Module 7. Our Divisions
Cultural intolerance may arise when individuals or groups confront new or differing values, beliefs, norms, expressive symbols, practices, or artifacts. Think about a time when you came across someone who did not fit the cultural “norm” either expressively or behaviorally. How did the person’s presence make you feel? What type of thoughts ran through your head? Were you compelled to understand the differences between you and the other person or were you eager to dismiss, confront, or ignore the other person?
Living in a diverse society requires us to tackle our anxiety of the unknown or unfamiliar. The discomfort or cognitive dissonance we feel when we are around others who live and think differently than ourselves makes us alter our thoughts and behaviors towards acceptance or rejection of the “different” person in order to restore cognitive balance (Festinger, 1957). When people undergo culture shock or surprise from experiencing new culture or ideas, their minds undergo dissonance. Similar to a fight or flight response, we choose to learn and understand each other’s differences or mock and run away from them.
People judge and evaluate each other on a daily basis. Assessing other people and our surroundings is necessary for interpreting and interacting in the social world. Problems arise when we judge others using our own cultural standards. As discussed in Module 1, we call the practice of judging others through our own cultural lens ethnocentrism. This practice is culturally universal. People everywhere think their culture or way of life is true, moral, proper, and right (Kottak & Kozaitis, 2012). By its very definition, ethnocentrism creates division and conflict between social groups whereby mediating differences is challenging when everyone believes they are culturally superior, and their values, beliefs, norms, expressive language, practices, and artifacts should be the standard for living.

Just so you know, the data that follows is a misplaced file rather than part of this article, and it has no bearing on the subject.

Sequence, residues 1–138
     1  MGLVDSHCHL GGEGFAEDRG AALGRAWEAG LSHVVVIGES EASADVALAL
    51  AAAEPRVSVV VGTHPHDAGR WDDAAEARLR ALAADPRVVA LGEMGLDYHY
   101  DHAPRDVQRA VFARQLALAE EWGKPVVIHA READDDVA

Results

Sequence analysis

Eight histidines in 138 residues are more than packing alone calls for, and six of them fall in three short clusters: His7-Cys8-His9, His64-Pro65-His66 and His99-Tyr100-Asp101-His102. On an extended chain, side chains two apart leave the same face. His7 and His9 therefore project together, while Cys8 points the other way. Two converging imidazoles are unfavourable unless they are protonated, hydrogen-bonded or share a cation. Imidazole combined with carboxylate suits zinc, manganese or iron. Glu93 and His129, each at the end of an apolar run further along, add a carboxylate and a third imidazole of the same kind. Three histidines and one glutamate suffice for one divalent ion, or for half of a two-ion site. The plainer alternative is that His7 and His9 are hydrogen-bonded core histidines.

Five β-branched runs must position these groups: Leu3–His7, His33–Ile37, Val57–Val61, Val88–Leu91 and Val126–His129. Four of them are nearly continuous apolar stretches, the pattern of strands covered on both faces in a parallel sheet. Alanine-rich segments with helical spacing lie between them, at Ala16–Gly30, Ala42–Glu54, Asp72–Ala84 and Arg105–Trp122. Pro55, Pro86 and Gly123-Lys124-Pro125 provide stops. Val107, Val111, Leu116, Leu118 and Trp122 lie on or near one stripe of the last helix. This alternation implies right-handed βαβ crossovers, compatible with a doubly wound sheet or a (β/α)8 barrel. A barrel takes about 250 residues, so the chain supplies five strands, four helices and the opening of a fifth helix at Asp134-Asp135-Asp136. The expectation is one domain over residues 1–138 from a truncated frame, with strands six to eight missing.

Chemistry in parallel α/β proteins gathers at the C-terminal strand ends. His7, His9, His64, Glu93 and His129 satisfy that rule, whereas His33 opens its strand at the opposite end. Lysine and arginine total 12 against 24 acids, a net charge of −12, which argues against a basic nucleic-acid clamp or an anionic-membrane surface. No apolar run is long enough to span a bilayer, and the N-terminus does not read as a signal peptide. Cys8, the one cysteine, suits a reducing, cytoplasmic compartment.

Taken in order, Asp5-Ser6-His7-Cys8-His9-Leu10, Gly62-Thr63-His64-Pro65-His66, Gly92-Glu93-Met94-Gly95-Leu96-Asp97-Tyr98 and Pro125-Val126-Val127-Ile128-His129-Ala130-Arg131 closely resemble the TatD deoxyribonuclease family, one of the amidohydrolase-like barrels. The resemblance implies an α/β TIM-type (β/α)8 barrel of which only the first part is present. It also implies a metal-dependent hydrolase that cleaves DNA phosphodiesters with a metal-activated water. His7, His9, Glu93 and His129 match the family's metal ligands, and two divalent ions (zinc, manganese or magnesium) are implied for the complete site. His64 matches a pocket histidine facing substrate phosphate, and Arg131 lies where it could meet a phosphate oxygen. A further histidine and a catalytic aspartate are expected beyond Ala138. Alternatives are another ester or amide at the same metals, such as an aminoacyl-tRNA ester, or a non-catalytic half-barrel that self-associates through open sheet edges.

BIOGRAPHICAL REFLECTION 7.1
NEW HOME & RACE RELATIONS
My family fled communist Laos to find safety and freedom with a kernel of hope that our life in a different country would be easier. After four years of living in a dilapidated Thailand refugee camp, fenced by barbed wire, my family resettled in the United States in 1979. Of all places, we ended up in Nashville, home to America’s country music. How heartland could one get! I get to tell friends and colleagues that my first three words of English were: Yes, No, and Hee-Haw.
All kidding aside, there were serious racial tensions between the Hmong and our Black neighbors. They had no idea who we were and vice versa. Granted, most of our Black neighbors were indifferent towards us; some were friendly and greeted us with a good morning wave; a few, however, found new opportunities to perpetrate their violence. Three Hmong families – my father’s, my cousin’s, and our brother-in-law’s – with 19 children were housed in a 4-bedroom and 1 restroom apartment. We were refugees; tight space was not a problem. Soon enough, though, we discovered we may have escaped the terror of communists, but then only to enmesh in a new terror on Wharf Avenue in Nashville’s impoverished project, a quicksand that swallowed Hmong refugees into culture shock and further made us easy crime targets.